Text of the book “Psychology of Leadership. From a behavioral model to a cultural-value paradigm"

Efficiency in management today worries the minds of many people all over the planet: some strive to improve their professionalism, others want to achieve the highest results, others are just preparing to enter a full-fledged adult life and, like a sponge, absorb all kinds of knowledge. Be that as it may, the problem of leadership concerns absolutely every area of ​​life and activity. As for leadership models themselves, there are quite a few of them today. And today we will talk about one of the most interesting and effective of them - Fred Fiedler's model of effective leadership.

But first, let's say a few words about its author.

Mitchell and House's path-goal approach.

According to the approach of Terence Mitchell and Robert House, a leader can motivate subordinates to achieve organizational goals by influencing ways to achieve those goals.
The term path-goal refers to expectancy theory concepts such as effort-performance, performance-reward, and the perceived value of rewards in the eyes of the subordinate. There are 4 leadership styles available:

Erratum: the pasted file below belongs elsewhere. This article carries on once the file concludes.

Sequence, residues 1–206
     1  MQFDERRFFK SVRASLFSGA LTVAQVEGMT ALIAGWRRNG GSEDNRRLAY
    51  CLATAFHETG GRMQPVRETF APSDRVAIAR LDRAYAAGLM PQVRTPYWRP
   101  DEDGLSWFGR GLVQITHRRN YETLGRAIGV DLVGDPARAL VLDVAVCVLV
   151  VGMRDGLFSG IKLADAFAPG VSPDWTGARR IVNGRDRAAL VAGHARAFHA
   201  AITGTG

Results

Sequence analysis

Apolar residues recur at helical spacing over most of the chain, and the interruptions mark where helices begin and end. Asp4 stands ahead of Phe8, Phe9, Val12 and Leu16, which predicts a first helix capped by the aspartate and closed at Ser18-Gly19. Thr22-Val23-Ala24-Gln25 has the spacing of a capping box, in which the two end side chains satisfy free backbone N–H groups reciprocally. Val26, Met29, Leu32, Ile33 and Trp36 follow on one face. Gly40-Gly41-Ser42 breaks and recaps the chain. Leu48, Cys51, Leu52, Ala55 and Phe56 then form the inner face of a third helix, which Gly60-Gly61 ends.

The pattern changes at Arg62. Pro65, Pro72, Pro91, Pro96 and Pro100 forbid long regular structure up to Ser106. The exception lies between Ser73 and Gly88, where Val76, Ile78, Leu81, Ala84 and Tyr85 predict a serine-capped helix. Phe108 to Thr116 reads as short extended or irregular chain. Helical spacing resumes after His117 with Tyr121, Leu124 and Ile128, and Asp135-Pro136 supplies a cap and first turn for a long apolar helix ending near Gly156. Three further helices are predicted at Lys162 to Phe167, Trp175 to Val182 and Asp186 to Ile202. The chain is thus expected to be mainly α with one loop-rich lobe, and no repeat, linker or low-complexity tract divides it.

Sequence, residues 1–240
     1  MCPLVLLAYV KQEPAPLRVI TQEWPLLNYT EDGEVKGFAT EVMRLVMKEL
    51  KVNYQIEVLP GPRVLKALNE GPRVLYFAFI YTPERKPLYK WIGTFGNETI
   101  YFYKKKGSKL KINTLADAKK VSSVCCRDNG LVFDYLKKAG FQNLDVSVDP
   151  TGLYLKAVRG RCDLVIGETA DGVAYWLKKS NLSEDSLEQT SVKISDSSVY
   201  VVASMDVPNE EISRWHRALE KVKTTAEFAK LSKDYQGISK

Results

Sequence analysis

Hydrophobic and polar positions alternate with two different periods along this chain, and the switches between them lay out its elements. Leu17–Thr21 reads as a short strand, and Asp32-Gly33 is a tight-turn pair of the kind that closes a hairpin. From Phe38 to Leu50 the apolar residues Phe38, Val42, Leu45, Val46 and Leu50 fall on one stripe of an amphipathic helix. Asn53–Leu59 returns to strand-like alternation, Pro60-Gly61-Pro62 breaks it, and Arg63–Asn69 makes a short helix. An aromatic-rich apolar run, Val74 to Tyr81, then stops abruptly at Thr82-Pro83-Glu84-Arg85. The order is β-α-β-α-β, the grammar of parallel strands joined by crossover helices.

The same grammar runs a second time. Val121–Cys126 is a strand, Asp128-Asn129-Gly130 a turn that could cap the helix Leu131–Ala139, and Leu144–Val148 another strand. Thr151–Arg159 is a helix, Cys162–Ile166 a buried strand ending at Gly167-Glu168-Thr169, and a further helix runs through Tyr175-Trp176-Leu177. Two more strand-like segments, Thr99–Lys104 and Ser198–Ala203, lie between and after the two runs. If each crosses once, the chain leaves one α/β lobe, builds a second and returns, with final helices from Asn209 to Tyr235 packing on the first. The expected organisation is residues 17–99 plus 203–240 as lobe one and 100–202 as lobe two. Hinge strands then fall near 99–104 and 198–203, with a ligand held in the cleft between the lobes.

1. Support style

. Similar to the person-centered or human-relationship style;

2. Instrumental style

. Similar to the work or task oriented style;

3. Participative style

. It is characterized by the fact that the leader shares the information he has with his subordinates and uses their ideas and suggestions to make decisions for the group. There is a strong emphasis on consultation;

4. Achievement-oriented style

. Characterized by setting rather challenging goals for subordinates and expecting them to work to the fullest of their abilities. They are also reminded of the need to continually improve their individual performance levels. Although a manager strives to achieve high performance, he or she at the same time tries to instill in subordinates the confidence that they are capable of high performance.

The leadership style that is most appropriate to the situation and preferred by subordinates depends on 2 situational factors: the personal qualities of subordinates

their beliefs that they can influence the external environment